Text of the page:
Say It Ain’t So! Chase Launches Back to Back Business Card Duds

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Chase Ink Business Premier Details

Chase Ink Business Premier Details

We have been hearing about a new Chase Ink card launching for a few weeks now. Everyone was excited, myself included, because the Chase Ink cards are some of the best cards out there. The probably have the best no fee card on the market in the Chase Ink Business Cash and one of the biggest welcome offers available on the Chase Ink Business Preferred. A Chase Ink Business Premier could only be better than all of those right? I mean it has Premier in it’s name! The card was available to business bankers in branch today and the info does not look all that great in my opinion. It would be the second highly anticipated dud from the Chase business team after the World of Hyatt Business card mostly missed the mark. Let’s take a look at the Chase Ink Business Premier details and I’ll give you my thoughts on it.

Chase Ink Business Premier Details

Here are the details on the Chase Ink Business Premier:

Welcome Offer & Annual Fee

  • Type of card: Business
  • Card issuer: Chase
  • Application rules to follow: cannot open this card if you have opened more than 5 credit cards in the last 24 months, no more than 2 credit cards in 30 days from Chase (see bank rules here)
  • Spending requirements: $10,000 in 3 months of account opening.
  • Welcome offer: 100,000 points (not Ultimate Rewards) worth $1,000
  • Annual fee: $195

The card is currently only available at the branch for existing Chase Business customers but should be online etc. in early 2022. There are rumors that it could be released on Friday though.

Chase Ink Business Premier Details

Earning Structure

  • 2% back on every purchase.
  • 2.5% total back on every purchase of $5,000 or more.
  • 5% total back on travel purchased through Chase Ultimate Rewards.

Other Card Details

The Chase Ink Business Premier is treated like a charge card, not a credit card like other Chase Ink cards. That means it must be paid in full each month. This is the way the Amex Platinum and Amex Gold act etc. They will offer a Payment Flex option, which sounds similar to Amex’s pay over time.

Chase Ink Business Premier Details

Why I Am Not A Chase Business Premier Fan

The card has the highest annual fee of any of the Ink cards, surpassing the Chase Ink Business Preferred. Even though it has the highest fee it offers the least amount of perks. The Ink Premier does not earn valuable Ultimate Rewards. It is a true cash back card. It allows you to redeem points for travel through the portal and on gift cards but that gives you the same 1 cent per point as cashing out does. Because of that there is no reason to use either of those options. Simply cash the points out and book the travel, or buy the gift cards, with another credit cards to earn so more points on the purchase.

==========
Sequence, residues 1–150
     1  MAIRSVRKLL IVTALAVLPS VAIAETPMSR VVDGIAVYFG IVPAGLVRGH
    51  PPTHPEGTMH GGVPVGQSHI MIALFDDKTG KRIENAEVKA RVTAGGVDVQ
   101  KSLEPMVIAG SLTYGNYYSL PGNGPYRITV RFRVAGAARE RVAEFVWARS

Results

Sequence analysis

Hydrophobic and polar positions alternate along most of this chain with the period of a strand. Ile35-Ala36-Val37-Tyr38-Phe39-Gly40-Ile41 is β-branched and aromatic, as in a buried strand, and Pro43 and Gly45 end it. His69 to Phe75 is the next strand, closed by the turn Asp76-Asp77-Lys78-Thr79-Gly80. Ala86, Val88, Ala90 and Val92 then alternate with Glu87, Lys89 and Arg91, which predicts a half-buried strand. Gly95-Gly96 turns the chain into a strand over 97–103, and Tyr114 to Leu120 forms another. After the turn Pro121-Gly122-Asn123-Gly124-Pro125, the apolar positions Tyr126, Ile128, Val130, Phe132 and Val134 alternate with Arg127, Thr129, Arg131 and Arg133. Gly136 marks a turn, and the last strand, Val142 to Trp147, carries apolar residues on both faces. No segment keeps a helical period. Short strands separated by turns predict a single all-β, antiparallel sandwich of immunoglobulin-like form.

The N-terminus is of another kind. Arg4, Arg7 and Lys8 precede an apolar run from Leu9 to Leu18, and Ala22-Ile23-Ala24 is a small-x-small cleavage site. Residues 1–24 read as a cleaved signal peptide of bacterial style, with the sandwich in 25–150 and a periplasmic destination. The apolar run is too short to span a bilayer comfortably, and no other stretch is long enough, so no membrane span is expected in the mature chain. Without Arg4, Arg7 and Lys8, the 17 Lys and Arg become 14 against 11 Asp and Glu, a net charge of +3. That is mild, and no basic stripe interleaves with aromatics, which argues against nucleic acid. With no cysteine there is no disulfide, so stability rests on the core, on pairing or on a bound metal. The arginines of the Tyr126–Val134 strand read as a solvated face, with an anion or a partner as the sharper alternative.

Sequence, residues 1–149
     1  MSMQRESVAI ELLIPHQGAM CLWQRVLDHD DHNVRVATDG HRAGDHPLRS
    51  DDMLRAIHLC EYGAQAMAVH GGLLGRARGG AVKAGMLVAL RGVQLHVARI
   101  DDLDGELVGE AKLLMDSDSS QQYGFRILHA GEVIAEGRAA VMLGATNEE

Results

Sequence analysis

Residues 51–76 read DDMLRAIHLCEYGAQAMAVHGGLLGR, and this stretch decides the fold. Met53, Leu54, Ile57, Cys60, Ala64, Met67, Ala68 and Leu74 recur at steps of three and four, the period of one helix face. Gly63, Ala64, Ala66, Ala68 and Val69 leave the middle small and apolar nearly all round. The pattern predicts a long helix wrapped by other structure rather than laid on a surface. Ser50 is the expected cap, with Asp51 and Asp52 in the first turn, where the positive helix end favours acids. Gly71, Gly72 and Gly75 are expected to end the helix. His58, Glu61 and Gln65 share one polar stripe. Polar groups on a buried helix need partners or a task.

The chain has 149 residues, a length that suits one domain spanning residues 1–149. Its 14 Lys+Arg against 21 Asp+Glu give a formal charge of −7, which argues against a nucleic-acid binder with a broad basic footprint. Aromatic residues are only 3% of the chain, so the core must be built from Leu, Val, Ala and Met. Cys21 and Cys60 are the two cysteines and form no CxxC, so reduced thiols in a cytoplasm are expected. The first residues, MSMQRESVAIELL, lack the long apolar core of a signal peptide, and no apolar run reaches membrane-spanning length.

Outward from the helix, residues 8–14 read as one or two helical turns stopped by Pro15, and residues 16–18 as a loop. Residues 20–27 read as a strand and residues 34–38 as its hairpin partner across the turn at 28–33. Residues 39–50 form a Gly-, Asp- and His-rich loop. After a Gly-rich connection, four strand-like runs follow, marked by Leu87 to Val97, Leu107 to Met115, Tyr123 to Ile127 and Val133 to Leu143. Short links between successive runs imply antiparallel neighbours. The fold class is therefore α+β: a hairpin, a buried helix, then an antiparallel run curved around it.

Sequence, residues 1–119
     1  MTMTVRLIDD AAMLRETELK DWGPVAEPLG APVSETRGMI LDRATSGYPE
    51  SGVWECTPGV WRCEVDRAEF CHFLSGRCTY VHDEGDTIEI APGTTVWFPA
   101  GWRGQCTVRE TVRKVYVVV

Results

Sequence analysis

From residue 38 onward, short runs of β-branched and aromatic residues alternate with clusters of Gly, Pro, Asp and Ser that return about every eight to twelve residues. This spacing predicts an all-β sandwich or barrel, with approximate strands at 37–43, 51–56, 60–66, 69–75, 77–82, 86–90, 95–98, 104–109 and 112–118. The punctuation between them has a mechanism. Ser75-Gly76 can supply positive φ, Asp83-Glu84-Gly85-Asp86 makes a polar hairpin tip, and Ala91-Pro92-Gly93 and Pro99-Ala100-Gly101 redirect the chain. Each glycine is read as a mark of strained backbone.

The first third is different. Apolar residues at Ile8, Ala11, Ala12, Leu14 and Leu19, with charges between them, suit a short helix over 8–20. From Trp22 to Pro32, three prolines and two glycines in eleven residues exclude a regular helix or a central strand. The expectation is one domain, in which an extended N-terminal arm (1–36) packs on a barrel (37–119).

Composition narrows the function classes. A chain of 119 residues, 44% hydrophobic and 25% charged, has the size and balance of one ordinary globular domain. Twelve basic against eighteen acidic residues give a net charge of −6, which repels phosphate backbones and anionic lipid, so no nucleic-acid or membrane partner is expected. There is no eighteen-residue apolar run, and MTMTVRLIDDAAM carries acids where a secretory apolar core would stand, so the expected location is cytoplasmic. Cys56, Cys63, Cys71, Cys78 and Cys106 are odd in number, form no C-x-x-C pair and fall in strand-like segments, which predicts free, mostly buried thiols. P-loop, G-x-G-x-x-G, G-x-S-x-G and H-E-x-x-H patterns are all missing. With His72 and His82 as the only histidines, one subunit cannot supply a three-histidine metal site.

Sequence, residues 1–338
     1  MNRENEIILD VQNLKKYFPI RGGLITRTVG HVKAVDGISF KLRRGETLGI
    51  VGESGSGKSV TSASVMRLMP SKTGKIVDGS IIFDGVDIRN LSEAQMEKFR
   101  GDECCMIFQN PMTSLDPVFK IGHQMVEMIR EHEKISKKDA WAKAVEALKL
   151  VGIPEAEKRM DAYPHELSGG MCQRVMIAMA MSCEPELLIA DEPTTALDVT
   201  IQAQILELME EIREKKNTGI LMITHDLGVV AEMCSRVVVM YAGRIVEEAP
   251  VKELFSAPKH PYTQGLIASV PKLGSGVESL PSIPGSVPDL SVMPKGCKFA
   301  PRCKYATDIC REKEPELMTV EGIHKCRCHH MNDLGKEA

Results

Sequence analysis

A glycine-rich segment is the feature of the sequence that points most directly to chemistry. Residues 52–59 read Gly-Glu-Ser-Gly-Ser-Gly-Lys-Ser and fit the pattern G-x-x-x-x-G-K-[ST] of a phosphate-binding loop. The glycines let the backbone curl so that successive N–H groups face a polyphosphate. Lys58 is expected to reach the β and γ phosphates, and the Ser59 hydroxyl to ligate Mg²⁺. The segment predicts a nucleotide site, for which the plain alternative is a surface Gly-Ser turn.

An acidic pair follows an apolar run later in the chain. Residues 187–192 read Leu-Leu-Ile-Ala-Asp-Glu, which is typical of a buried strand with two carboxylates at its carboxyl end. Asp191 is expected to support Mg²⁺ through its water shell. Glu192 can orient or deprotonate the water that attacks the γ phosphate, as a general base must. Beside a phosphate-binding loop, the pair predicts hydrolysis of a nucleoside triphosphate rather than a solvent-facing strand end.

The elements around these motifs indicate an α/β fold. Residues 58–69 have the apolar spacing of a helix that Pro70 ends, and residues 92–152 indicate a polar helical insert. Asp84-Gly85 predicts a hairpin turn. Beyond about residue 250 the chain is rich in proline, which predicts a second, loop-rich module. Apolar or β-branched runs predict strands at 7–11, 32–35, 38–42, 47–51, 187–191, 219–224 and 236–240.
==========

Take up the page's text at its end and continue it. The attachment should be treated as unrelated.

It is the only Chase branded product that has an annual fee but does not earn Ultimate Rewards. The Chase Ink Business Preferred, Sapphire Preferred and Sapphire Reserve all give you redeemable points.  Even no fee cards like the Chase Freedom Flex and the Chase Ink Business Cash let you combine points with an annual fee card option. It doesn’t appear even that is an option with this card.

If you want a cash back business card why not go with the Capital One Spark card with a lower annual fee that earns 2% back as well?  I guess if you have a lot of $5K+ purchases you could earn 2.5% back. But really, how many people fit into that narrow hole?

Chase Ink Business Premier Details – Final Thoughts

I am really not sure who the target market is for this card.  I guess businesses with a lot of $5,000 or more purchases?  The Ink Business Unlimited earns 1.5% back on all purchases and those points can be transferred to other Ultimate Rewards accounts. If you value Ultimate Rewards at 1.5 cents per point that is essentially 2.25% back.  Even if you wanted straight cash back the $195 annual fee would require $39,000 in spend every year to reach the break even point versus just earning 1.5% back with no fee.

We have seen Chase trying some new things of late, with the Aeroplan Card for sure. Maybe this is more of that, trying to see if they can break into other areas.  I just don’t see what competition they are going after?  I guess the Capital One cardholders but this doesn’t seem to be an improvement. If it earned Ultimate Rewards then that would be a different conversation.

HT TPG

Mark Ostermann
Mark Ostermann is a father, husband and miles/points fanatic. He left the corporate world after starting a family in order to be a stay at home dad. Mark is constantly looking at ways to save money and stay within budget while also taking awesome vacations with his family. When he isn't caring for his family or taking a weekend trip, Mark is working towards his goal of visiting every Major League Baseball ballpark.

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6 COMMENTS

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6 COMMENTS

  1. The terms on their website say: “Cash Back rewards” are the rewards you earn under the program. Cash Back rewards are tracked as points and each $1 in Cash Back rewards earned is equal to 100 points. You may simply see “Cash Back” in marketing materials when referring to the rewards you earn. You may also see, “points” or “Ultimate Rewards points” when referring to the points you can use.

    Seems still possible it will be UR points?

    • Ah, nvm, other card’s rewards program agreements have a section on combining points with another card, and this card is missing that section. 🙁

  2. I spend millions a year on cards, so never even consider what the AF is.

    That said, I travel full time, and use UR for everything. Sooooo, if this really doesn’t earn (or convert) to UR…. Then it’s a true heart breaker.

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